The development of a novel agent based long term domestic energy stock model

Lee, Timothy (2013) The development of a novel agent based long term domestic energy stock model. Doctoral thesis, University of Reading.

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Abstract

This research has developed a novel long term domestic energy stock model of owneroccupied dwellings in England. Its primary purpose is to aid policy makers in determining appropriate policy measures to achieve CO2 emissions reductions in the housing sector.
Current modelling techniques can provide a highly disaggregated technology rich environment, but they do not consider the behaviour required for technological changes to the dwelling stock. Energy efficiency improvements will only occur in the owner-occupied sector of the housing market when owners decide to carry out such improvements. Therefore, a stock model that can simulate this decision making process will be of more use for policy makers in predicting the impact of different measures designed to encourage uptake of suitable technologies. Agent based modelling has been proposed as a solution to allow the inclusion of individual household decision making into a long term domestic stock model. The agents in the model represent households and have a simple additive weighting decision making algorithm based on discrete choice survey data from the Energy Saving Trust and Element Energy. The model has then been calibrated against historic technology diffusion data. Sixteen scenarios have been developed and tested in the model. The initial Business as Usual scenarios indicate that current policies are likely to fall well short of the 2050 80% emissions reduction target, although subsequent scenarios indicate that the target is achievable. The results also indicate that care is required when setting subsidy levels when competing technologies are available, as there is the potential to suppress the diffusion of technologies that offer greater potential savings. The developed model can now be used by policy makers in testing further scenarios, and this novel approach can be applied both regionally and in other countries, subject to the collection of suitable input data.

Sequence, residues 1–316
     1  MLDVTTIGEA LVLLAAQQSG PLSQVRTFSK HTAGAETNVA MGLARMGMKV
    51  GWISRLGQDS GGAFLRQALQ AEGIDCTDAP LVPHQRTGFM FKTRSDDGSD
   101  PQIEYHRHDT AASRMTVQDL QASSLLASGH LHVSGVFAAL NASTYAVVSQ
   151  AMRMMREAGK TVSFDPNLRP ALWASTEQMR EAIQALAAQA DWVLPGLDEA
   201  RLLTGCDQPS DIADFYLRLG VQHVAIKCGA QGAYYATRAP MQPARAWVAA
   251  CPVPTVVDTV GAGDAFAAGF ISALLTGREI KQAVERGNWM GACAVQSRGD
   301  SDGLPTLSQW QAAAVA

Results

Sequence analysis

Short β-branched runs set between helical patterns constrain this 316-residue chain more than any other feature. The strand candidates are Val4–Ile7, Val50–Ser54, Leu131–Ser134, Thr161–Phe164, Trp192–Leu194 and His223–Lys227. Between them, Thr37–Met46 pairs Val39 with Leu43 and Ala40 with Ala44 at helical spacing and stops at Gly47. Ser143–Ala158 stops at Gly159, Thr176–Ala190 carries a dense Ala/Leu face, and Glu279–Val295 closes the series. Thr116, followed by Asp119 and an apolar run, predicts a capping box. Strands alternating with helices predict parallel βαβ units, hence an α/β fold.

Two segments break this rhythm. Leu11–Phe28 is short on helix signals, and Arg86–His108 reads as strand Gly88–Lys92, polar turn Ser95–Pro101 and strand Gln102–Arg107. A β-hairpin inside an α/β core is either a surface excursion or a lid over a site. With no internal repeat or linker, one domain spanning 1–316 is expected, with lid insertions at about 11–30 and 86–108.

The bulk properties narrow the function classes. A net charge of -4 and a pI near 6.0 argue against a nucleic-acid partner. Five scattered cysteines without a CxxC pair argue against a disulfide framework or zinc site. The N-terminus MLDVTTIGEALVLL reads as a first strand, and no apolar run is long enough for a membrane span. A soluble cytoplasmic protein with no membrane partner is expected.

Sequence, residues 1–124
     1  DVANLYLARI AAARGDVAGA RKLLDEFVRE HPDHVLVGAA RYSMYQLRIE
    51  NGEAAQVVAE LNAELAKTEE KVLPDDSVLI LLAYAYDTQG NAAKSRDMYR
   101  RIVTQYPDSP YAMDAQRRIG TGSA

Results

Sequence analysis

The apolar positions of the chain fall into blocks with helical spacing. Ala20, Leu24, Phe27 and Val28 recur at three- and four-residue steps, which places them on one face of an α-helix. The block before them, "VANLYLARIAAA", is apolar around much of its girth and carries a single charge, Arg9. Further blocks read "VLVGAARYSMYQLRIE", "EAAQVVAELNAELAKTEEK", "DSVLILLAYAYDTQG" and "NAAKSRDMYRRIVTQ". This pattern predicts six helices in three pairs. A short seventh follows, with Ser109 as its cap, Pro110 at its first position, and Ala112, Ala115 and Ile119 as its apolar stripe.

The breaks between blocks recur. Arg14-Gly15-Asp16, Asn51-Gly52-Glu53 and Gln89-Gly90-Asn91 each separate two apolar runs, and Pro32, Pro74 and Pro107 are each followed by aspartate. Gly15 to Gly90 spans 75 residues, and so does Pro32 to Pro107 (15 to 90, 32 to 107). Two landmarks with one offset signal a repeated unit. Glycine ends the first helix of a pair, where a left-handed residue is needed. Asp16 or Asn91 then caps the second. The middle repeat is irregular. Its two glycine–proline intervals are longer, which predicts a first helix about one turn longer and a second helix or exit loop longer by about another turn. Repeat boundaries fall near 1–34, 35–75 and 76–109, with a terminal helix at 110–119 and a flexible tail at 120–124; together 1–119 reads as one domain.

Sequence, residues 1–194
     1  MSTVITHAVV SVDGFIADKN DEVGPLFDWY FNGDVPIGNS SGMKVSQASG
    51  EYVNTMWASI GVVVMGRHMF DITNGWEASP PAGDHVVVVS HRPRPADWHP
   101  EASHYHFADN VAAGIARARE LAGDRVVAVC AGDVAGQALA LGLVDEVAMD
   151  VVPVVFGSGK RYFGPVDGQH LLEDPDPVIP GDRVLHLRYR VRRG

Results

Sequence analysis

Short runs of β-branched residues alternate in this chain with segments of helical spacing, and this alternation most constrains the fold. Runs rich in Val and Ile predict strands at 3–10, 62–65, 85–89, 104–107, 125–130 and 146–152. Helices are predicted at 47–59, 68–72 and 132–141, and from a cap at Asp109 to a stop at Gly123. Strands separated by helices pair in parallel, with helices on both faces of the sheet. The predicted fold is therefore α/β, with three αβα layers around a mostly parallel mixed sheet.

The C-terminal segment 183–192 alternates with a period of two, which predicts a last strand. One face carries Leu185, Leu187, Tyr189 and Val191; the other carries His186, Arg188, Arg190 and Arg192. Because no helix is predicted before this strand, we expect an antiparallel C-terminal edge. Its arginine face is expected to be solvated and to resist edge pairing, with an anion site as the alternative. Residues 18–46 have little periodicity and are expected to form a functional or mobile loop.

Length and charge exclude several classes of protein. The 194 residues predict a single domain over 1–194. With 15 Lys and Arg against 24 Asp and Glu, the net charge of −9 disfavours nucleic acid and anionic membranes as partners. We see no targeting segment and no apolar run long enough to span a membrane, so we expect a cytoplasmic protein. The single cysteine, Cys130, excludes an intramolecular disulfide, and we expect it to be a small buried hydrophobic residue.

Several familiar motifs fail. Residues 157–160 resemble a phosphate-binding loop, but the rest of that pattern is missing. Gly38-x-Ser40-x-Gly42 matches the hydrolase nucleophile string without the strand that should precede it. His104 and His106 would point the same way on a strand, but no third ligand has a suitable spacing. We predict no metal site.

Item Type: Thesis (Doctoral)
Date: 29 April 2013
Subjects: K200 Building
Divisions: Faculty of Computing, Engineering and the Built Environment > School of Engineering and the Built Environment
Depositing User: Timothy Lee
Date Deposited: 09 Aug 2018 10:53
Last Modified: 19 Aug 2020 12:53
URI: http://www.open-access.bcu.ac.uk/id/eprint/6225

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